CD RW discs are erasable or rewriteable optical disc media in the CD size format. This disc format is purchased blank and then users can add information to the CD-RW media. The advantage of this media is that it can be erased and reused.
The disadvantage is that in general the whole disc needs to be erased in order to add more information to the disc. However, certain burning software will allow the addition of more files or deletion of individual files without removing all of the previously stored information. This may or may not work well, but usually is not the way this format is used.
The erasable CD comes in two storage capacities of 650 MB initially, but now most CD RWs have a capacity of 700 MB.
The recording speed of the media varies depending on the age of the disc. The first CD-RWs had a recording speed of 1x to 4x. These were categorized as slow recording discs. As the technology progressed, faster recording speeds for erasable media were achieved. The next class to be introduced was the High Speed CD-RW, which possessed a recording speed range of 4x to 10x or sometimes 4x to 12x. Next came the Ultra High Speed erasable CD, which had a recording speed range of 16x to 24x. Finally, the Ultra High Speed Plus (+) disc provided recording speeds of 32x. The Ultra High Speed and the Ultra High Speed Plus discs were not as popular or common as the High Speed version. This was because of compatibility issues between the Ultra High Speed media and recorders and because by the time these discs were introduced, other types of removable media were being used instead of CDs.
Note that in order to record High Speed and Ultra High Speed CD-RWs, the drive must have the Ultra High Speed logo on the faceplate of the drive as shown in the image below. Without this logo, it is likely that the drive is meant only to be used to record the low speed discs.
The a cross-section of the rewriteable CD structure is shown in the picture below. This disc format consists of a polycarbonate plastic base with a spiral groove molded into the top surface of the polycarbonate. This is similar to the CD-R disc.
Next there is a phase change layer that is sandwiched between two other layers called di-electric layers, which assist in the proper functioning of the phase change layer. These layers are not shown in the picture and do not exist when comparing this disc to the CD-R. The phase change layer is where the digital information is stored. In read-only CDs, the digital information is represented by pits in the plastic base and for CD-Rs it is spots in the dye layer.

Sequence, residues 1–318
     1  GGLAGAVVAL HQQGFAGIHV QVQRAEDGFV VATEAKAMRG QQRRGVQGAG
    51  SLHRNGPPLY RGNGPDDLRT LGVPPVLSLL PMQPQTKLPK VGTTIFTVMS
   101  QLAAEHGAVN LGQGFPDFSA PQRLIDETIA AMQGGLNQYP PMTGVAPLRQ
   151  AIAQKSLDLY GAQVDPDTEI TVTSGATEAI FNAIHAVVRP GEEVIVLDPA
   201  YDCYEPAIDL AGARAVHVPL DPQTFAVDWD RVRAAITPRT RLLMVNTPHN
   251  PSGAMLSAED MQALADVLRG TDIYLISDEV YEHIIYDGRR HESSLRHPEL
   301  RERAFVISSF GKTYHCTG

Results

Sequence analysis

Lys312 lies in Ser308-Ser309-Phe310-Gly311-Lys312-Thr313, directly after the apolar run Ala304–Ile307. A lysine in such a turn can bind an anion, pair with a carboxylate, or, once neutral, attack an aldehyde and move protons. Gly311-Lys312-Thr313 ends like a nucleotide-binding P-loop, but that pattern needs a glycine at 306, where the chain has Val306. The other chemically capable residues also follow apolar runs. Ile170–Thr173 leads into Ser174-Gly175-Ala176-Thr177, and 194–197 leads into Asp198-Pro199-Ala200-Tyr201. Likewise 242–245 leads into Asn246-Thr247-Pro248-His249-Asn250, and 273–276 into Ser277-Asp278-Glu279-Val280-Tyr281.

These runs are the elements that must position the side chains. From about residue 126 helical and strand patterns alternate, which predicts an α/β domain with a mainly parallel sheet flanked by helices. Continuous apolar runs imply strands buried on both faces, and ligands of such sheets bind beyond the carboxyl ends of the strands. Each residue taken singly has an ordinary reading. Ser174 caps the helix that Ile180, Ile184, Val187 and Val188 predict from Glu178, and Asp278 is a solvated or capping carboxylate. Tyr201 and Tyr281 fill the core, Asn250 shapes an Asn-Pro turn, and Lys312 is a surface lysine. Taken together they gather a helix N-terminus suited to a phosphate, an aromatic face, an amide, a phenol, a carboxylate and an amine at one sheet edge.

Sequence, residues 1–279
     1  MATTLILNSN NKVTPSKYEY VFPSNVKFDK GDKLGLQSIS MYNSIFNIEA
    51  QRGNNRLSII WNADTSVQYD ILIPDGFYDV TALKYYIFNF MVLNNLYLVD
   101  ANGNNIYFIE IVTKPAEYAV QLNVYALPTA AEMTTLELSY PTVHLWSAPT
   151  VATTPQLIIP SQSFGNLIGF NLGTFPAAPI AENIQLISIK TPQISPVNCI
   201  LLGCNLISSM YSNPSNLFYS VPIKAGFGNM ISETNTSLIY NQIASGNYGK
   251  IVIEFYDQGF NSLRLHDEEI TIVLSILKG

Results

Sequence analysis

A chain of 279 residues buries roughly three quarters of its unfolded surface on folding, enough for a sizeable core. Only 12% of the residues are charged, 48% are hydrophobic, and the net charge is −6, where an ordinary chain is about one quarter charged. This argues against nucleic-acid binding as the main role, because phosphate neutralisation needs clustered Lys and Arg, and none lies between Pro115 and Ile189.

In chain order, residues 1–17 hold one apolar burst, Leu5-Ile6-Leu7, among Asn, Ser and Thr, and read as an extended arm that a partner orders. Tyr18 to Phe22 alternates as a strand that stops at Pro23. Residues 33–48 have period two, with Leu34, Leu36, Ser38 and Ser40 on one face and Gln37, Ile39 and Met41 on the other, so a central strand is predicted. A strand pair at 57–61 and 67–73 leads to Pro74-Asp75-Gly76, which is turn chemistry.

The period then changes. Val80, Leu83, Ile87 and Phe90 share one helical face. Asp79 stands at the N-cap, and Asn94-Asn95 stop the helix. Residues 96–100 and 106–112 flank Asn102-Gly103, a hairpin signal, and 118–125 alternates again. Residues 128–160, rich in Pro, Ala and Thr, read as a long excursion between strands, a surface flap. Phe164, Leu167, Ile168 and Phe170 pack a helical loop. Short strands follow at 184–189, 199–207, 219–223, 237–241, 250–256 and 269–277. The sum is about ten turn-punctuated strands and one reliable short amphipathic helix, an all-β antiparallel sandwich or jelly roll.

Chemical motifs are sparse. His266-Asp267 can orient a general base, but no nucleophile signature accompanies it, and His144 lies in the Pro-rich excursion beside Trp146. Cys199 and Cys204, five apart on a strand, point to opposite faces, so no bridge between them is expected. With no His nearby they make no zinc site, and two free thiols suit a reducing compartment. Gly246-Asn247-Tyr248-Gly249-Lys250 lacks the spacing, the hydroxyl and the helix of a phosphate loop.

For CD RW media, the phase change layer is in a crystalline form when blank. When information is being recorded to this media, the recording laser heats the phase change layer to a high enough temperature to convert the crystalline material to a non-crystalline or amorphous state. Therefore, within the spiral groove there are small spots of amorphous material, which represent the digitally stored information, mixed in with crystalline regions that have not been altered by the laser light. To erase the disc, the laser heats the amorphous regions to a temperature that makes the spots turn crystalline again and indistinguishable from the rest of the disc. There is a limit as to how many times this can be done effectively, but this limit is not normally reached in typical use situations.
Like other CDs, the next layer in CD RW erasable media that resides on top of the three layers mentioned above is a metal reflective layer. In this case it is aluminum or aluminum alloy. Next, a protective layer is placed on top of the metal and then a label. Sometimes the disc has no labeling to indicate that it is an erasable disc. An erasable disc has a greyish appearance when observed from the base side. This grey appearance is significantly different than the greens and blues encountered with CD-Rs and all erasable CD media pretty much look the same in terms of color.
Erasable CDs are not suitable for the long term storage of information as these discs have shown lower stability than the CD-Rs, which use a gold metal layer and stable dye. A rough lifetime range, based on relative stability studies, is 20 to 50 years average if the discs are stored under recommended conditions. Most of the discs will be in the upper end of this longevity range. In addition, these discs can be erased or altered and therefore, the information stored on the disc can be changed.
Therefore, CD RWs are not recommended for digital scrapbooking storage. The primary intent of this format is to move files around from one computer to another or person to person. When used in this fashion the format is acceptable for everyday use.
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